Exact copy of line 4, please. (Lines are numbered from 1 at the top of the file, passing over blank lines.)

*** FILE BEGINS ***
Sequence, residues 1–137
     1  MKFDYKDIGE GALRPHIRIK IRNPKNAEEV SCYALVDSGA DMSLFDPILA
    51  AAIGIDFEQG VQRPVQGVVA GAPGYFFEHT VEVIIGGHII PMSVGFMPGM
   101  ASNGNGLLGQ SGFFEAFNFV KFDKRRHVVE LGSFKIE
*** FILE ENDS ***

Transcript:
   101  ASNGNGLLGQ SGFFEAFNFV KFDKRRHVVE LGSFKIE